Elm trees made into cladding for new Stanmer cycle hire kiosk

Posted On 02 Nov 2017 at 12:20 pm

Elm trees from Preston Park which fell victim to Dutch elm disease are being given a new lease of life by being reused as cladding for a new building ion Stanmer Park.

The building, known as the kiosk, will house cycle hire, an information centre and toilets as part of the Stanmer Park Restoration Project.

Last week, students from Plumpton College set up a portable milling machine in the grounds of Stanmer Park and, along with Cityparks staff from Brighton and Hove City Council, began the task of ‘planking’ – creating the new building material.

When the elms are sawn into planks, all bark is removed and destroyed to remove any beetles and control any risk of infection. The planks will be stored to be seasoned ready for use when the new building is constructed late next year.

Councillor Gill Mitchell, chair of the council’s environment committee, said: “Elm disease has had a devastating effect on many of the city’s precious elm trees which means we have to remove them when they show signs of disease to save the remaining healthy elm trees.

“But it’s great that these trees are now being reused and given a new lease of life, providing attractive cladding for a building which will sit at the heart of one of the city’s biggest restoration projects.”

The elms removed from Preston Park because of disease do not include the Preston Twins, the oldest pair of elms in the country, one of which split in the summer when rain and wind and a heavy canopy combined to bring down several branches.

Ian Rideout, Head of Faculty for Forestry & Horticulture at Plumpton College said: “We are really pleased to use our skills, experience and equipment to mark this milestone in the HLF project.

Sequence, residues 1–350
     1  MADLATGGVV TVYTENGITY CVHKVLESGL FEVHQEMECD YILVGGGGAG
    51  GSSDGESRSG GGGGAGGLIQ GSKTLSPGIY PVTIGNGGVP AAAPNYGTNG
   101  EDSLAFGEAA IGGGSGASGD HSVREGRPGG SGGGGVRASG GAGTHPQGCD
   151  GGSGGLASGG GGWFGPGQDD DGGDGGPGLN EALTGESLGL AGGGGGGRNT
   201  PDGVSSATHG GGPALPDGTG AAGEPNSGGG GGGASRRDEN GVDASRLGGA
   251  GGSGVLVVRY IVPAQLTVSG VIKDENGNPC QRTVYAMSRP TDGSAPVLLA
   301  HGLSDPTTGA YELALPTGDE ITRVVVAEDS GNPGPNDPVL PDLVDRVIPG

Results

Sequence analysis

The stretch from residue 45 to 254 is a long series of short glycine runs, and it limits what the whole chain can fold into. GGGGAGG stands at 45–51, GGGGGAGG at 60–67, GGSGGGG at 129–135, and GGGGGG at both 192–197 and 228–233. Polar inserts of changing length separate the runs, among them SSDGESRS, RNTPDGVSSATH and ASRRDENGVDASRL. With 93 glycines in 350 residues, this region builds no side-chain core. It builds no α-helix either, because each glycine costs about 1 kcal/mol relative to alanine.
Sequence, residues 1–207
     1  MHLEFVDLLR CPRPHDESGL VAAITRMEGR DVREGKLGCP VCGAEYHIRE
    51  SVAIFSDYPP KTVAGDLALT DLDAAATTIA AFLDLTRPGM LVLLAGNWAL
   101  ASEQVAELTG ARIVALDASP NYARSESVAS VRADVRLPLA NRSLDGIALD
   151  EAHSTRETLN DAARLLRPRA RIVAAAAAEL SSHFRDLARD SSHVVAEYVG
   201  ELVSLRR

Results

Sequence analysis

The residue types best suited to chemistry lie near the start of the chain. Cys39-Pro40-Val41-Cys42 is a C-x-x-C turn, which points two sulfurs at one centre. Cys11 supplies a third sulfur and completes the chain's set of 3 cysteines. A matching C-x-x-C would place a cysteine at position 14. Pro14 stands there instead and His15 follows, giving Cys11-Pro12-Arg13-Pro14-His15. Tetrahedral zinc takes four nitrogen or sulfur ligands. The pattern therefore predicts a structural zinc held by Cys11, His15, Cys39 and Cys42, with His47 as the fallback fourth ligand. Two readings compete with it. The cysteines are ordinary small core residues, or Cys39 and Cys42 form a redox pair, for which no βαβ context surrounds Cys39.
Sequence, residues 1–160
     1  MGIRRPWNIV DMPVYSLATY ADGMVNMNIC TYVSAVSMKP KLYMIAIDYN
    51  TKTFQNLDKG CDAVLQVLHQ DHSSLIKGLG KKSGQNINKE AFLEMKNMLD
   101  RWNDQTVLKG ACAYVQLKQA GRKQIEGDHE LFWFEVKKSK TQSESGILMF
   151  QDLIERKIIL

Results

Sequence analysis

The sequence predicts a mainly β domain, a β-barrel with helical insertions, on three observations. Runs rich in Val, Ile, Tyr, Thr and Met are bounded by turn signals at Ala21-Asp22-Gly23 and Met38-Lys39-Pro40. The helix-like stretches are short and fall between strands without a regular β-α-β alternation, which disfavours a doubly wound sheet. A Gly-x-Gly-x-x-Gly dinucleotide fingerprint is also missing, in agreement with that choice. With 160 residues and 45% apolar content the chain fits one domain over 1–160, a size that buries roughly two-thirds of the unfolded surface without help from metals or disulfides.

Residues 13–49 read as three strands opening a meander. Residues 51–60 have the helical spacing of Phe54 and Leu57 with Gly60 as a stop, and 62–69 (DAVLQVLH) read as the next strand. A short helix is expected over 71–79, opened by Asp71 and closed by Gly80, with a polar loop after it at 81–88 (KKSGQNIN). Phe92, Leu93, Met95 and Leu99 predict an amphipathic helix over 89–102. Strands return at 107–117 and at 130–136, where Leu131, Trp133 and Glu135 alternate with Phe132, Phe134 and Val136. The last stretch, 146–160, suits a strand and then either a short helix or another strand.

“It is a great training opportunity for our students to work alongside our staff in milling the elm to provide a lasting legacy within Stanmer Park.”

Stanmer Restoration Project is a joint initiative between Brighton and Hove City Council, Plumpton College and South Downs National Park.

Work has been going on behind the scenes for several years, but the elm tree planking marks the beginning of physical work in the parkland. The major work will begin next autumn.

The £5.8 million Stanmer Park and Estate Restoration Project will see around 20 hectares of the park’s landscape, and Grade II listed and other buildings restored and given new life.

Work will include improving the main entrance and 18th century parkland, Walled Garden and Nursery and the adjacent depot area.

Much of the work is being funded following a £3.8 million grant from the Heritage Lottery Fund and BIG Lottery Fund’s Parks for People scheme.

Brighton and Hove is an elm disease control area, which means that elm timber can only be safely stored or transported out of the area under licence with the bark removed. The elm beetle larvae live under the bark and as they disperse to new trees they are responsible for spreading the fungal elm disease.

  1. Pingback: Elm trees with Dutch elm disease given a second chance in Brighton : Pro Arb Magazine

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